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The Retirement Savings Dilemma for Physicians in a 2024 Tax World

Posted under: Business Owners, IPP

There are many concerns on the minds of Canadians. Health care and access to a Family Physician is atop that list. Many Canadians do not currently have a Family Physician and the Covid Epidemic shone a light on the shortage of physicians, nurses, and other health care professionals. Ensuring we retain these key individuals and encourage others to go into care roles should be central to our provincial and federal levels of government.

Over the last 6 years we have seen federal tax policy target professional corporations, and Medicine Professional Corporations have been the group most impacted. To understand the impact let us look at tax planning for physicians.

In 2001, Ontario, one of the last provinces to do so, allowed for the establishment of Medicine Professional Corporations (MPCs). This change represented a tectonic shift in tax and retirement planning for doctors in this province, with many others already on board. They were encouraged to have family members as shareholders as a means of sprinkling dividends within the family to reduce their overall tax rate, without the province having to increase payouts, while retaining top notch doctors.

The suggested strategy was adopted by many, which led to the MPCs retaining assets and being used almost as an unregistered pension plan built around the combination of the lower small business tax rate, and the ineligible dividend tax rate, as a singular retirement strategy.

Fast forward to 2018, and we have seen this strategy turned on its head via tax policy. As of 2018, the tax on split income (TOSI) rules meant family members had to account for their efforts that contributed to the profits of the medical practice in order to enjoy the preferred tax rate on the dividends. This was coupled with changes to the taxation of passive income within the MPC, which if the taxable income in a year is north of $150,000, could result in the loss of the small business deduction (SBD) in that year. The tax changes were enacted with no grandfathering of retained assets prior to the budget. For prudent savers that had retained millions in the corporation this change had unintended consequences.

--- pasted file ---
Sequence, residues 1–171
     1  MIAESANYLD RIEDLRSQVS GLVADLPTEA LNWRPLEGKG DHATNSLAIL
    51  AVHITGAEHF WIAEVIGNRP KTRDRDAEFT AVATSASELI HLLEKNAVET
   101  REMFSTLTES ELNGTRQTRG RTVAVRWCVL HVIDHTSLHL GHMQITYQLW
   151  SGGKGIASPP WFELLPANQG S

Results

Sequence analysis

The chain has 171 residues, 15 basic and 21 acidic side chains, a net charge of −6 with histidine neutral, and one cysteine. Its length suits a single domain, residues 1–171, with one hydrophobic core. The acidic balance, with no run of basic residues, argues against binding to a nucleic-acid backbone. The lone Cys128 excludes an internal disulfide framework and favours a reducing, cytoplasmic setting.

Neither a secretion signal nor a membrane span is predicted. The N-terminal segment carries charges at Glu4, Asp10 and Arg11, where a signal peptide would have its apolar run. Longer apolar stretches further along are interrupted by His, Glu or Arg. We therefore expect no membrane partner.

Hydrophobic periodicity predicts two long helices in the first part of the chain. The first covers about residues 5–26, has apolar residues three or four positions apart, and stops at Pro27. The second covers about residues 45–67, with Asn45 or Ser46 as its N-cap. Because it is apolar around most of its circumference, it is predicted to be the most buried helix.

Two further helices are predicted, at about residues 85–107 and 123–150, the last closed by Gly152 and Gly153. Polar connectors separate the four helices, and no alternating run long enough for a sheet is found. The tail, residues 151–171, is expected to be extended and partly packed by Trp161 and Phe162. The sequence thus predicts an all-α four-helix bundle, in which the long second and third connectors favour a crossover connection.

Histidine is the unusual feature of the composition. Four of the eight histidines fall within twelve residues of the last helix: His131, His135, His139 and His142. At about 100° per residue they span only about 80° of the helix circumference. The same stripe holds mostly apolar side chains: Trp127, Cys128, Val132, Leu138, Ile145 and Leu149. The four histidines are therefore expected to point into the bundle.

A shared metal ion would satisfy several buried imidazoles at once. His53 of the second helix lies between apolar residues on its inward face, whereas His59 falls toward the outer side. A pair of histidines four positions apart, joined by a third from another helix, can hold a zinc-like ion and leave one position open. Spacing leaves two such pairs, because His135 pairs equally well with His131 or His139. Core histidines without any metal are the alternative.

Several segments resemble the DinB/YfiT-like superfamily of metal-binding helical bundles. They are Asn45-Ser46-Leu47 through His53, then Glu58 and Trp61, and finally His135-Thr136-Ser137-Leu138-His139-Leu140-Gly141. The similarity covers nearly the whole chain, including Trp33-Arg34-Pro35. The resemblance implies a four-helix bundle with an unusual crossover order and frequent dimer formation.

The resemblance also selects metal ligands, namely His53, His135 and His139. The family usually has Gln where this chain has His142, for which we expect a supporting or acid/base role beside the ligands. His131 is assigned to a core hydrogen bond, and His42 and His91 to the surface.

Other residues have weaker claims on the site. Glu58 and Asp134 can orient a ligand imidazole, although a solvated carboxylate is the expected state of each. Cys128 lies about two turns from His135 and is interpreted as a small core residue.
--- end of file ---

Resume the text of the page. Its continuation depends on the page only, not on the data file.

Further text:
The 2024 Federal Budget proposed increasing the capital gains inclusion rate to 2/3 for corporations. For MPCs, this means the increased realized capital gain within the corporation could cause its passive income to exceed the $150,000 threshold, and thus lose the SBD. This can lead to significantly higher corporate taxes in that year. These changes have raised serious concerns for doctors, many who do not have an alternative source of funds for retirement. The majority of these doctors do not have a pension plan and have long requested one.

Individual Pension Plans (IPPs) have been in existence for decades, yet only a small number of incorporated physicians have taken advantage of these strategies. The IPP allows the MPC to contribute significantly higher amounts than within their RRSP, using pre-tax corporate dollars. Within the IPP we can recapture past years of funding, deduct investment fees, and any administrative fees.

Let us look at the example of Dr. Lee who is a 50-year-old physician and has been incorporated for 10 years. The first 5 years he took a T4 of $100,000 per year, for the last 5 years he increased his T4 to $150,000 per year, and in 2024 he is taking a larger T4 to maximize his RRSP contribution room. Over his working years he has accumulated $240,000 in RRSP assets.

With the IPP, in year 1 the MPC can contribute $39,900 for 2024, plus an additional $120,400 in past service funding, with a transfer of $211,000 from his RRSP as a qualifying transfer. Assuming the 7.5% growth rate that CRA utilizes as an investment rate of return assumption, by age 60 the IPP asset value would be at $1.65 million versus $1.10 million if Dr Lee instead sticks to an RRSP strategy with the same 7.5% return assumption – an increase in retirement assets by 50%.

In the past, the major oppositions by Accountants and Advisors to the IPP were a lack of flexibility, assuming a requirement to fund the plan, and undue complexity. Unknown to many in these groups, IPP legislation has changed immensely. IPP funding rules are based on provincial legislation, and over the last decade, we have seen the majority of provinces relax the funding obligations for IPPs. 

For example, in 2020 Ontario passed Bill 213 that exempts Ontario IPPs for incorporated professionals from the provincial funding rules and other administrative requirements. Funding an IPP is no longer mandatory, administration is streamlined, and in retirement there no longer are locking-in requirements if the plan is terminated. Doctors should not despair. With proper planning, the pain of the tax changes outlined above can be greatly reduced with a shift in tax planning and the use of the IPP.

Founded in 1995, GBL is a leading provider of retirement, health, and cross-border solutions for business owners across Canada. With offices in Calgary and Toronto, we have served 6,000+ clients, have 3,000+ Financial/Investment Advisors in our network, actively manage 2,000+ IPPs and RCAs, and have created 1,000+ HBPs and 3,000+ FMVs. We’re known for our industry leading client service and administration, as well as our top-notch actuarial group. Contact us today at  [email protected] or 403.249.1820 and follow us to learn how we can help Build Your Future.